I had the occasion to meet with [SEC chairman] Jay Clayton at Stanford recently. He reiterated the point about the gatekeepers failing, and he got quite a bit of pushback on that. I can’t really speculate, but I think something is definitely in the works there, from his comments.

That said, I’d be pretty surprised if it were some of the big—these are your words—firms. But I don’t know.

The Silk Road tipster

Let’s return to the Silk Road, a case that had many twists and turns. What are some little known facts of that case?

I actually got a tip on that case, which is why we opened it. It was from someone in the cryptocurrency community. We got a tip that there was a rogue agent on the [government] payroll, which we took with a grain of salt at the time, given the conspiracy theories that were out there about the government. But we actually looked into it and what we found was very surprising to everyone.

How did that tip cross your desk?

It was an in-person meeting. A person came to see us, where they said: We think you’ve got a rogue agent on the payroll. Ironically, it was a lot of the evidence we were given by the cryptocurrency platforms and community that helped us crack the case. The financial institutions dragged their heels, they took forever, and in some cases, didn’t respond at all. I can’t tell you how many financial institutions I never received replies from.

What else can you share about how you got this tip?

It happened in-person in my office in San Francisco. [The tipster] had concerns about who they could report it to because if they went to the office [DEA agent Carl Mark Force] was part of, he could be tipped off. The conduct alleged in that indictment, it was more than just the Silk Road, there were other individuals being extorted, and that bit is less focused on. I had worked with this particular individual [the tipster] in the context of another cryptocurrency matter, and that’s how it came to be that he was in a meeting in my office.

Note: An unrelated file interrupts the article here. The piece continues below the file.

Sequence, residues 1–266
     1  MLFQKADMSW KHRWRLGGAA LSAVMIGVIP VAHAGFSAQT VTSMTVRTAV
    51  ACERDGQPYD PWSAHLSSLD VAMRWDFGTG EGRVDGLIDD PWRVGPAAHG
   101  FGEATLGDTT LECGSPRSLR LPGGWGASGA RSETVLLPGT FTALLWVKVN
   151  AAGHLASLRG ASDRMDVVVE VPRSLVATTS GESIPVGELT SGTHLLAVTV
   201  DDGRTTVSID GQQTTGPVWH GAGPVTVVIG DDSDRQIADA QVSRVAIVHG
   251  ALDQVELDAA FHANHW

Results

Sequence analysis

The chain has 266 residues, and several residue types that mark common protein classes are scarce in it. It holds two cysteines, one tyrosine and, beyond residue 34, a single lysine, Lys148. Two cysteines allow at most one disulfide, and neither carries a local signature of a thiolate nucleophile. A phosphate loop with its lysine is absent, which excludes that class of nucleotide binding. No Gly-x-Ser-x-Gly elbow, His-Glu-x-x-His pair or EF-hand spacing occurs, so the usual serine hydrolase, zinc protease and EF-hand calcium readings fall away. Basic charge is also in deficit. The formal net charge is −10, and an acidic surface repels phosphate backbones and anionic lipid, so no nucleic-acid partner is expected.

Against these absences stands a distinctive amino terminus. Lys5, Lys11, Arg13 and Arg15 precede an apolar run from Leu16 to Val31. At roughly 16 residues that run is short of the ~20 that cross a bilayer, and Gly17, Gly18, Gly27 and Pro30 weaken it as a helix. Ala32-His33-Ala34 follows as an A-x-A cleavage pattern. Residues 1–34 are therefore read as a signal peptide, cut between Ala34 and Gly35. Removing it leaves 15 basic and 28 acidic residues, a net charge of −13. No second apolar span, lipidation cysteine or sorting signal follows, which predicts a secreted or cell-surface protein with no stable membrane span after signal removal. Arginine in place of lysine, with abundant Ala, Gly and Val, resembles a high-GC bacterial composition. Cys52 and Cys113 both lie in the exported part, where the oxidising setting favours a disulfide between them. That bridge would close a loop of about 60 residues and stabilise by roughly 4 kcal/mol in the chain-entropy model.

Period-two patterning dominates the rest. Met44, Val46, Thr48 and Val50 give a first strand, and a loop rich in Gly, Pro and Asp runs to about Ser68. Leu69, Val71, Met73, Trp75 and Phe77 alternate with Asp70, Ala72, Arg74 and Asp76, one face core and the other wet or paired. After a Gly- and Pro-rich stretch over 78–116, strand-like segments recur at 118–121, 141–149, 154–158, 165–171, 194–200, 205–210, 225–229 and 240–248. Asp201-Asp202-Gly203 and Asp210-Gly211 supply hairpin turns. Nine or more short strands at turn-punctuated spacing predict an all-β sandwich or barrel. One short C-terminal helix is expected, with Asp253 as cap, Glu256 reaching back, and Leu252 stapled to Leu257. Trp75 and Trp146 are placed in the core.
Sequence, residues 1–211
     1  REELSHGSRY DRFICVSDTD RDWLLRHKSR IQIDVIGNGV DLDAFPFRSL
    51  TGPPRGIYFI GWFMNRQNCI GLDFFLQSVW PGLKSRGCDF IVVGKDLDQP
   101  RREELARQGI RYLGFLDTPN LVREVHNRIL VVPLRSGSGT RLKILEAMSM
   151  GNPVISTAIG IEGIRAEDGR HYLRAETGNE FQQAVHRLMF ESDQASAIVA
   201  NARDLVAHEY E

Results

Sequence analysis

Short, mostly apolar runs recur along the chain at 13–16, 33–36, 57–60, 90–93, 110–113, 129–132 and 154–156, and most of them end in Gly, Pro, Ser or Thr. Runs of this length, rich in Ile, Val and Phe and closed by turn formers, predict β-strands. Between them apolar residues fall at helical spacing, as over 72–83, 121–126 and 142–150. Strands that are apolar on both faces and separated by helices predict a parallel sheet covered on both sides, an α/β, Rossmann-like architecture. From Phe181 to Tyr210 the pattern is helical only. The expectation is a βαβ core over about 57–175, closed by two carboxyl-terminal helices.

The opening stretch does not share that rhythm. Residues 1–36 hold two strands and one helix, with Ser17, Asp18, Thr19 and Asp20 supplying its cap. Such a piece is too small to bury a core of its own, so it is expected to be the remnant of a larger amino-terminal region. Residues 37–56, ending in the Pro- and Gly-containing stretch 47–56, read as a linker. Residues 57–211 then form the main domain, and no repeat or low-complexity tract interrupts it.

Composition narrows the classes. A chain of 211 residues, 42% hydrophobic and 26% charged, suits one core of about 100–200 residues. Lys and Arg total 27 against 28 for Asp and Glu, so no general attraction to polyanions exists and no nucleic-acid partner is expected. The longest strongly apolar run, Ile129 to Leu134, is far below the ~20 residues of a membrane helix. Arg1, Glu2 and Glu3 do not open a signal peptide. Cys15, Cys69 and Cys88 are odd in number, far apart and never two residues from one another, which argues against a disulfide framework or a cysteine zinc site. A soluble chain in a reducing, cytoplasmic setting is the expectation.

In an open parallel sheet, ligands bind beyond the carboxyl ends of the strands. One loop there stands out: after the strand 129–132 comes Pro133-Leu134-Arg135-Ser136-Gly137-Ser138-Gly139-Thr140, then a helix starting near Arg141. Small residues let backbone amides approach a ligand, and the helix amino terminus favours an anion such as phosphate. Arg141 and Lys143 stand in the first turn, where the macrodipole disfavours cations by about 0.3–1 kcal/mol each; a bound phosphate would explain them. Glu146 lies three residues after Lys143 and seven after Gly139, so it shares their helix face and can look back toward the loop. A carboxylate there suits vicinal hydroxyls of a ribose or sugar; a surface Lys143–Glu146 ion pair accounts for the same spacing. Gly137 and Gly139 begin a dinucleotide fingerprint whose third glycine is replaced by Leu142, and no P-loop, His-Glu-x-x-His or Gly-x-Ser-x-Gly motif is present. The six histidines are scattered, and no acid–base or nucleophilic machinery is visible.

He pulled me aside out of the presence of [other] agents to reveal it, and I told them. One of them was Tigran [IRS agent and blockchain analyst Tigran Gambaryan], and I worked with Tigran closely.

The tipster was not aware of the second actor in that case, Shaun Bridges. A lot of people don’t realize that without the blockchain analysis, and without the fact that we used bitcoin, we would never have caught that second actor. We frankly would probably not have enough evidence to bring charges against either of them. It was the patterns that emerged on the blockchain that told us we were dealing with a second individual.

Life after government

How did the Coinbase board position come about?

Through my work at the department I knew a number of crypto exchanges, all of the major ones at the time. My first interaction with Coinbase was much like any other crypto platform. I did think at that time Coinbase was the company in the space looking down the road to get regulated. They were the first platform that went to get money transmitter licenses in all the states they were doing business. I think it’s fair to say they weren’t shying away from regulation.

Was it a case of Coinbase founder Brian Armstrong pitching you?

I don’t want to say publicly how that came about. It wasn’t something that was planned.

What’s your media diet like in terms of crypto information?

I’m new to Twitter. I only joined Twitter this year. I would say “crypto Twitter” is where I try to take in more than I say. I follow some reporters like yourself and others in the space. I don’t usually go to Reddit. At some point, there is a bit too much. Cryptocurrency is not the only field I’m working in; I’m also working in cybersecurity. One could fill up their entire day, and then some, just by reading crypto Twitter and Reddit and all of these.

Are you concerned that you come across as a cheerleader for the crypto industry?

I don’t have that concern. I think I have a nuanced view. I am very bullish on the technology, but I also recognize its limitations.